I have this plant in my garden and it is growing in several places... I did not plant it and have inherited from the previous owner of the property. Could be a New Zealand Native grass/flax type plant. Would appreciate any help.. thank you. It is not a cabbage tree.
SOLVED: Plant Identification...please.
Hi Rlalique, thats what I thought and I searched and searched the NZ sites for id but could find nothing....I may give it another go though. Thank you for your input it is very much appreciated.
They look like young cabbage trees (Cordyline australis). There are probably several grouped together from a cluster of seeds that have germinated. Try lifting them to see if it's a group of plants rather than one. If each has a prominent taproot then they're likely to be Cordyline, most likely C. australis but possibly C. banksii.
I'll third the Cordyline. Looks just like C. australis to me.
Hi Geoff, I have two cabbage trees and they are nothing like these.. I have another one of these growing round the side of the house and it is about 10ft tall no flowers, the leaves are right down to the ground, the trunk as it gets bigger is quite thick. Very thin, sharp like leaves. I did check your suggestions you mentioned but could find nothing similar. Will try gain though...it could be the same family...thank you for your input.
Thank you growin for you reply... There must be many varieties because the cordylines I have in pots are small and are nothing like these one's in the garden. It could be the same species though. I will get a picture of the larger one around the side of the house tomorrow and see if that helps....thank you everyone....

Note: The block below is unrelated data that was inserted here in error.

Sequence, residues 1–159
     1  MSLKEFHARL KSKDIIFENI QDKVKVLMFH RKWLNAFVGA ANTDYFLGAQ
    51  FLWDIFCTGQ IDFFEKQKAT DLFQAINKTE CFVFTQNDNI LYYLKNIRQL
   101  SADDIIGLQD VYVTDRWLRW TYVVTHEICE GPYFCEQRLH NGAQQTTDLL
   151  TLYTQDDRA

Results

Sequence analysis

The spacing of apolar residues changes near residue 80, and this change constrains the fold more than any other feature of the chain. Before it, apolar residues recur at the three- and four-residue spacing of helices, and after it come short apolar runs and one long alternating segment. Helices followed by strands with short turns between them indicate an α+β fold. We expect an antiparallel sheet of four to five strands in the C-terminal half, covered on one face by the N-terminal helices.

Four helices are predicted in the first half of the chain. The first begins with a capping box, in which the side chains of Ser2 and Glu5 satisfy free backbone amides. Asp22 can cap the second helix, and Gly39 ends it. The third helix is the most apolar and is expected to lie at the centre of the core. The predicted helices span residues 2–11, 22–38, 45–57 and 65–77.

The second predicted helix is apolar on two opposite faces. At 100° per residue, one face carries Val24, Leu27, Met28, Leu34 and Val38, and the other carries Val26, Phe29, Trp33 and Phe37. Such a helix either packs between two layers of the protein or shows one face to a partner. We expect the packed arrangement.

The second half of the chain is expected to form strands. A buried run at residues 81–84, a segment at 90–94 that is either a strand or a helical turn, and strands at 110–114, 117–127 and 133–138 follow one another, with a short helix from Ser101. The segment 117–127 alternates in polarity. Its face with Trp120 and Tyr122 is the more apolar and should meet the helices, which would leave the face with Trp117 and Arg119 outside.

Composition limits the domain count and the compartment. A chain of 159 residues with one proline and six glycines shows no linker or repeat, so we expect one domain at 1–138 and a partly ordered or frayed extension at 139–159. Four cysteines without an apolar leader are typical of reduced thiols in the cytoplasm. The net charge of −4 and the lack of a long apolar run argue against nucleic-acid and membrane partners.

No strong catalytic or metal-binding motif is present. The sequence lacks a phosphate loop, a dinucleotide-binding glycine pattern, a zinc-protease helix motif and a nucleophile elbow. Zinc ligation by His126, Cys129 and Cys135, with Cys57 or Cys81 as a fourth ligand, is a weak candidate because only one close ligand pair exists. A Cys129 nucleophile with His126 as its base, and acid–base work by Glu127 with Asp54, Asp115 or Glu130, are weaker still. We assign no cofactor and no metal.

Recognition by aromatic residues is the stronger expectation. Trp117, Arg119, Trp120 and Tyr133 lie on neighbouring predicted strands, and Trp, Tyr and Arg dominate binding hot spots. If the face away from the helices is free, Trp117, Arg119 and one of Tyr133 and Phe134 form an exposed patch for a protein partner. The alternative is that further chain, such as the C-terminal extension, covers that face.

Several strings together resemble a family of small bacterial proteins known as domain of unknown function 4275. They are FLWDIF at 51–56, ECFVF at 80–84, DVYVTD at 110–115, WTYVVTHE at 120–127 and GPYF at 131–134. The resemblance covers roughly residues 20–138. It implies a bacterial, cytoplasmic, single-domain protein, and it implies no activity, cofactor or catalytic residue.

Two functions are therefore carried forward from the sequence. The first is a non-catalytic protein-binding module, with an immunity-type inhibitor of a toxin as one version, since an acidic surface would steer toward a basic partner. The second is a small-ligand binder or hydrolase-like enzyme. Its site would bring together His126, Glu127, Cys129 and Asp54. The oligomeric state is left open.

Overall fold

This message was edited Mar 30, 2013 9:39 PM
What it reminds me of is when an older plant is nailed to the ground from frost and the regrowth.
I got my New Zealand Native Plants book out and there was one that kinda looked close: Cordyline pumilio
I'm sure you'll find it's Cordyline australis. It's just how they look when they're seedlings - grassy. The leaves will broaden, heads will form and trunks will develop as they age. It may be Cordyline pumilio but that's far less likely to just pop up in a garden and it should be readily identifiable by its somewhat glossy leaves.
I agree. I can't say I've ever seen C. pumilio but I noticed Hamilton is at the southernmost native habitat. I also still think it is C. australis.
Okay everyone have some more pictures. Is the draceana the same family as the Cordylines because it looks very similar to the Dracaena Indivisa and also the Pumilio. There is also a bronzy type coming up as well. Picture provided. Have also pulled out one with roots which may help with identification as well. I really appreciated all the advice. So many helpful suggestions...
Dracaena indivisa is an old or invalid name for the mountain cabbage tree (Cordyline indivisa). That is a very easily identified species. Its foliage has a pronounced orange midrib and heavy longitudinal fibres. You can see the midrib in this photo: http://www.photosbotanical.com/img6953.htm .
No it is nothing like the link picture Geoff...okay seems it must be a cordyline of some kind. What about the bronzey one though is that also one?
I can't really tell with the bronze plant. There's too little to go on. It could be a flax but it could also be several other things, such as Libertia or Dianella.
Okay thank you will wait till it grows a little bigger.. It was amongst the other ones I have shown you. Being next to native bush the birds are most likely dropping all sorts of seedlings in my garden....